You must be running a 64-bit x86 Linux distribution. While using Darling on a 32-bit system may be possible (and only 32-bit OS X executables will run), this is not supported. The table below refers to building a 32-bit runtime environment on a 64-bit system.
cd darling mkdir build cd build cmake ../ -DCMAKE_TOOLCHAIN_FILE=../Toolchain.cmake make make install # Now we go into src/lkm to build the kernel module cd ../src/lkm make make install
$ sudo apt-get install cmake clang bison flex xz-utils libfuse-dev libxml2-dev \ libicu-dev libssl-dev libbz2-dev zlib1g-dev libudev-dev linux-headers-amd64
$ sudo apt-get install cmake clang bison flex xz-utils libfuse-dev libxml2-dev \ libicu-dev libssl-dev libbz2-dev zlib1g-dev libudev-dev linux-headers-generic
Arch Linux (4.8):
$ sudo pacman -S cmake clang flex icu fuse
Loading the kernel module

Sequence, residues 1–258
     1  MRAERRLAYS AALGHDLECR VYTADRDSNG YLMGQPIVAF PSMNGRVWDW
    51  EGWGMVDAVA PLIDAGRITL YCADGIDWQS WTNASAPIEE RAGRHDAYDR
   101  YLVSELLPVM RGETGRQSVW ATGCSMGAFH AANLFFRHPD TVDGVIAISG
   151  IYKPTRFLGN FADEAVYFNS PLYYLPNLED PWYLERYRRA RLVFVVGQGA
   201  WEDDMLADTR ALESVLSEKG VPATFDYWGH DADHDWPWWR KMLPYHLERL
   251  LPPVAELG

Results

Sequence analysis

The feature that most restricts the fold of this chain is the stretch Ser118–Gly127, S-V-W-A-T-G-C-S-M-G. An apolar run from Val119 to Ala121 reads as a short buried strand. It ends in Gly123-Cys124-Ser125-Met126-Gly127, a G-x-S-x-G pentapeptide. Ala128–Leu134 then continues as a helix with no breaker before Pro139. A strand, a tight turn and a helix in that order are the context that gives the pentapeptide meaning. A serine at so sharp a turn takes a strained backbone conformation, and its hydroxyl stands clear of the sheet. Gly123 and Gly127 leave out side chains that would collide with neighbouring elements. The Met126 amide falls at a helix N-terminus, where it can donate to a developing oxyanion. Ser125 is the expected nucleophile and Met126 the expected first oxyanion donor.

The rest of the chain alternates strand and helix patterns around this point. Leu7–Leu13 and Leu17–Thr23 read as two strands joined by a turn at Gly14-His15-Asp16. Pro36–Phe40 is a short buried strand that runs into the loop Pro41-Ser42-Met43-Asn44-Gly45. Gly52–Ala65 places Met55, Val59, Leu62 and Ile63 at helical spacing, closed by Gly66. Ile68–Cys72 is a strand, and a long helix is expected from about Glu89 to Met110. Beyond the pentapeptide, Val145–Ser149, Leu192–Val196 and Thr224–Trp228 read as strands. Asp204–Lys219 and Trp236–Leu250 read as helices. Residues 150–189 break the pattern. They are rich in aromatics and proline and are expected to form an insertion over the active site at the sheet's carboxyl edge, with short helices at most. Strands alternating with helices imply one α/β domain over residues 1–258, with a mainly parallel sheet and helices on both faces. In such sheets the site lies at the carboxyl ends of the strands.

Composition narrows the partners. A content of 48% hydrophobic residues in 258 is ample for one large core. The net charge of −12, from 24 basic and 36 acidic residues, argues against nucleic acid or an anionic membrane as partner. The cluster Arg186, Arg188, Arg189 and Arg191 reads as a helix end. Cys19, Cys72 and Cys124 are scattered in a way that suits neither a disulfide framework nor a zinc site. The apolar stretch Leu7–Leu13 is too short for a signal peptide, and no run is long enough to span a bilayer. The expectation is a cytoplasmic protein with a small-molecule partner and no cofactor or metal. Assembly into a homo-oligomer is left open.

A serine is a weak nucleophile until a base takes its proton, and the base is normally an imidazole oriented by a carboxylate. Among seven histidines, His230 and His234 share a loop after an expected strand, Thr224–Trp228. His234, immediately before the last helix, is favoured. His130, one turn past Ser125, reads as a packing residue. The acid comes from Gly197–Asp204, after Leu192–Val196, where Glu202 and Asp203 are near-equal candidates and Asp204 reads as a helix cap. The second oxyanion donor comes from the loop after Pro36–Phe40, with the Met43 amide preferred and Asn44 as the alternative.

Darling uses a kernel module to provide certain OS X specific features, mainly Mach Ports IPC. No OS X application can be run without this module, since Libc requires Mach Ports for its initialization and even for very basic things such as
Important note for Ubuntu: Recent Ubuntu releases use kernel module signing. It is up to you to find and apply a workaround for loading a module that you have built by e.g. disabling signature verification or by signing the module somehow.
modprobe darling-mach # ATTENTION: The kernel module is likely unstable, # full of vulnerabilities, etc. # You SHOULD restrict access to /dev/mach to trusted # users only and be prepared to the eventuality of # kernel hangups (and related data loss). chmod a+rw /dev/mach